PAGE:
Marilyn Geewax

Marilyn Geewax is a senior editor, assigning and editing business radio stories. She also serves as the national economics correspondent for the NPR web site, and regularly discusses economic issues on NPR's mid-day show Here & Now.

Her work contributed to NPR's 2011 Edward R. Murrow Award for hard news for "The Foreclosure Nightmare." Geewax also worked on the foreclosure-crisis coverage that was recognized with a 2009 Heywood Broun Award.

Before joining NPR in 2008, Geewax served as the national economics correspondent for Cox Newspapers' Washington Bureau. Before that, she worked at Cox's flagship paper, the Atlanta Journal-Constitution, first as a business reporter and then as a columnist and editorial board member. She got her start as a business reporter for the Akron Beacon Journal.

Over the years, she has filed news stories from China, Japan, South Africa and Europe. Recently, she headed to Europe to participate in the RIAS German/American Journalist Exchange Program.

Geewax was a Nieman Fellow at Harvard, where she studied economics and international relations. She earned a master's degree at Georgetown University, focusing on international economic affairs, and has a bachelor's degree from The Ohio State University.

She is a member of the National Press Club's Board of Governors and serves on the Global Economic Reporting Initiative Committee for the Society of American Business Editors and Writers.

China has gotten very good at making steel. And making it and making it and making it.

In fact, that "excess" production is causing such a crisis for the global steel industry that the United States is joining an international push to try to cut the glut.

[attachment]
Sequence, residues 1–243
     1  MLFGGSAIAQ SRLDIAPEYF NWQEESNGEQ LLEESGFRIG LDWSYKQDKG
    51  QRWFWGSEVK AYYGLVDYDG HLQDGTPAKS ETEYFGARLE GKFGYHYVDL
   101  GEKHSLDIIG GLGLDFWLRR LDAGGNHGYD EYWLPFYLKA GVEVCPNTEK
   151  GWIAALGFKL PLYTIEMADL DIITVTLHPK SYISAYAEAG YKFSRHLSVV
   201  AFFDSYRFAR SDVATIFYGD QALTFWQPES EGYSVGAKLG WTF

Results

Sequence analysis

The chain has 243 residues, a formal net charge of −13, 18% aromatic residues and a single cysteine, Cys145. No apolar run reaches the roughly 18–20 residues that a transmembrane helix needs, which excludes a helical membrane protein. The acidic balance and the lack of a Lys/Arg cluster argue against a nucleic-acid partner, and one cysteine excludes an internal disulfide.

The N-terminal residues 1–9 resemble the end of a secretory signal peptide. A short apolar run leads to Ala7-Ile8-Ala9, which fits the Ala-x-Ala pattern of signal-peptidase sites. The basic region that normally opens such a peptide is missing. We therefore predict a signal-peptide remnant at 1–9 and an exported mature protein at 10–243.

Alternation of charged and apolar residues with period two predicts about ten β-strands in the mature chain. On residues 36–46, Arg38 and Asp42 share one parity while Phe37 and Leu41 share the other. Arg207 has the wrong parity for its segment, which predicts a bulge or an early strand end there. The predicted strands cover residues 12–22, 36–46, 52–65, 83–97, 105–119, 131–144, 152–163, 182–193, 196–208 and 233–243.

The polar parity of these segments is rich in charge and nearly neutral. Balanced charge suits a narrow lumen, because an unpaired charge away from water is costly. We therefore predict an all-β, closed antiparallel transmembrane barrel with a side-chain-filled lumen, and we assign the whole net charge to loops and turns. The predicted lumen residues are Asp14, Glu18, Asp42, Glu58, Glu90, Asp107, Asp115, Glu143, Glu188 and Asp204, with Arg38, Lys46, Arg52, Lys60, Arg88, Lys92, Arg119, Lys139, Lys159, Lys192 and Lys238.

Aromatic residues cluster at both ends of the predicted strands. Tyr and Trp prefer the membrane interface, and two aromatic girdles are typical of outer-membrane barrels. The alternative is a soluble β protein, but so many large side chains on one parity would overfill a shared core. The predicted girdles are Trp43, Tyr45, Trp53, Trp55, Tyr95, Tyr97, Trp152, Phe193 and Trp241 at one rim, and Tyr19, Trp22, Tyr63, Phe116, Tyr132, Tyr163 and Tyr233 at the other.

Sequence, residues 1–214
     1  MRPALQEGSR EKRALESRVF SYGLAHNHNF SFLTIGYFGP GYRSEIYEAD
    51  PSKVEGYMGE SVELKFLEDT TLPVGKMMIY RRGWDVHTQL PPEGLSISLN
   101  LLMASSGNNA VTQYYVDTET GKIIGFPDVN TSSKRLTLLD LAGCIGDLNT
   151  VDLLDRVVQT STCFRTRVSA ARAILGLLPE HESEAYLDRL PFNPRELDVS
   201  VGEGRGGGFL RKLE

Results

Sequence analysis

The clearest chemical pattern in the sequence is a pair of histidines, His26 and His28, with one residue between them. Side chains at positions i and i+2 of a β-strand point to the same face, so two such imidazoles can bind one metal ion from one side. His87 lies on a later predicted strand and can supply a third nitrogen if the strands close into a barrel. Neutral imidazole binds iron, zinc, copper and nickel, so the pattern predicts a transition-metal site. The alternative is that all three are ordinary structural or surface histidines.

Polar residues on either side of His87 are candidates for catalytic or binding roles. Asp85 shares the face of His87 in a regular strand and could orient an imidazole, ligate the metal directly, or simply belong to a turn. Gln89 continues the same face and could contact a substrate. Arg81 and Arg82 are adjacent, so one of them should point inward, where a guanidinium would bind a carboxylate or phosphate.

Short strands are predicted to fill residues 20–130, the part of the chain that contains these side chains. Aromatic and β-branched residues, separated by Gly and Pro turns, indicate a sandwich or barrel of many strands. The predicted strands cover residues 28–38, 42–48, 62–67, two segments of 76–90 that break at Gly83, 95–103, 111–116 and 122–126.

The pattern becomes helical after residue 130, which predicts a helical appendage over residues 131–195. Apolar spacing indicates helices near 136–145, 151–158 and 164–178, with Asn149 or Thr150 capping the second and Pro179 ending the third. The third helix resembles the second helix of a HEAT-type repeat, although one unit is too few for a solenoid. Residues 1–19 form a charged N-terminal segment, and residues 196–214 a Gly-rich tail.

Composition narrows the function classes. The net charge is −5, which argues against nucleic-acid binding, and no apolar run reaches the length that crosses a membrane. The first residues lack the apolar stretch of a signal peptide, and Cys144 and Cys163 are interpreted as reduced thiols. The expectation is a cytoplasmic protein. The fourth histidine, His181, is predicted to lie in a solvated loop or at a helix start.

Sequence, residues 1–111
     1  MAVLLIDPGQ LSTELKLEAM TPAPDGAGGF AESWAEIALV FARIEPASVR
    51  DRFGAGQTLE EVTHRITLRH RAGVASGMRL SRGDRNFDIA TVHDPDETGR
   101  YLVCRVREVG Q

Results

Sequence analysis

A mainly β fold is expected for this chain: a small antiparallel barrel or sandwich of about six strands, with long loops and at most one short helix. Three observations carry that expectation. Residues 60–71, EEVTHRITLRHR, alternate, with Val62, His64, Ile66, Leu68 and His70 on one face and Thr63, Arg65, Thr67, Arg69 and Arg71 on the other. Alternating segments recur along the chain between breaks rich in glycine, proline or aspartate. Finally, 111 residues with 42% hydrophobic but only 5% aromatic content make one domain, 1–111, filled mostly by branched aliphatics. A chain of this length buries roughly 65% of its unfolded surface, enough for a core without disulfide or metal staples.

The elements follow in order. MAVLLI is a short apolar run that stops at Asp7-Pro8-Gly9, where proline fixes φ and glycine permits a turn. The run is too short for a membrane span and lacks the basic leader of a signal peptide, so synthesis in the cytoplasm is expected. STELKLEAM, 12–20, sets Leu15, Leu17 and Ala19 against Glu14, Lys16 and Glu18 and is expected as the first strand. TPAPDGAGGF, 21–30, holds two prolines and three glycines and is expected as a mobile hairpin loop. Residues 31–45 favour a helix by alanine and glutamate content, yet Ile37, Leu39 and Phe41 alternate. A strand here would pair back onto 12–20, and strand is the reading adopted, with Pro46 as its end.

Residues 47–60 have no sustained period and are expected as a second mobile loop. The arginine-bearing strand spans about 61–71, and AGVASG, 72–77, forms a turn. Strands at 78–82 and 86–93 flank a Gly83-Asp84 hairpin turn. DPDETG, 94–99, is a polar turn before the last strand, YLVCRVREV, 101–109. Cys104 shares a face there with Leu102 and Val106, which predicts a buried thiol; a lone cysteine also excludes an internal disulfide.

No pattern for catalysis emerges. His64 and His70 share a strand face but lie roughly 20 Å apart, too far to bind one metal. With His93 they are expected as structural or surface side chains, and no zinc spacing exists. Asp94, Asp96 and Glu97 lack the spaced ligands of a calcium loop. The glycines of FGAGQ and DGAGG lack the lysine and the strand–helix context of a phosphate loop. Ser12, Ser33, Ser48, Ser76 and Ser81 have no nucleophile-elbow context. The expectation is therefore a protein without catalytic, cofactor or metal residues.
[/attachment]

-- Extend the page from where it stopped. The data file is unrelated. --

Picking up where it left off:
This week, NPR and some member stations will be talking about trade on the campaign trail and in communities around the country.

In this presidential election cycle, many Americans are casting votes based on their feelings about past trade deals, such as the North American Free Trade Agreement, and proposed deals, especially the Trans-Pacific Partnership.

To understand the economy, you have to do a lot of measuring. What's bigger? What's growing? What's unequal?

On national Equal Pay Day, women and economists take a hard look at incomes. And their measurements show that after decades of the equal-rights battles, men still get bigger paychecks — sometimes for the same work.

For workers who want a raise, this was an encouraging week, with minimum-wage legislation gaining momentum and employers paying more across the board.

In fact, the Service Employees International Union labeled this "a historic week." Here's what happened on the wage front in recent days:

Since the civil rights era of the 1960s, Atlanta civic leaders have touted the slogan, "The City Too Busy to Hate."

Their message: We're focused on creating jobs and wealth, not resisting desegregation.

Turns out, many businesses liked that attitude. Atlanta held on to its longtime giants, such as Coca-Cola and Delta Air Lines, and become home to many more corporations, including UPS, Home Depot and Mercedes-Benz USA.

Very few companies make "supercars" that can rocket you from zero to 60 mph in a blink and then propel you to nearly 200 mph.

Porsche, Ferrari, Lamborghini, Aston Martin, Bugatti — and of course, Honda.

Honda?

The spring sprint is on: Con artists are racing to defraud income taxpayers ahead of April's filing deadline, and the Internal Revenue Service is scrambling to stay one step ahead.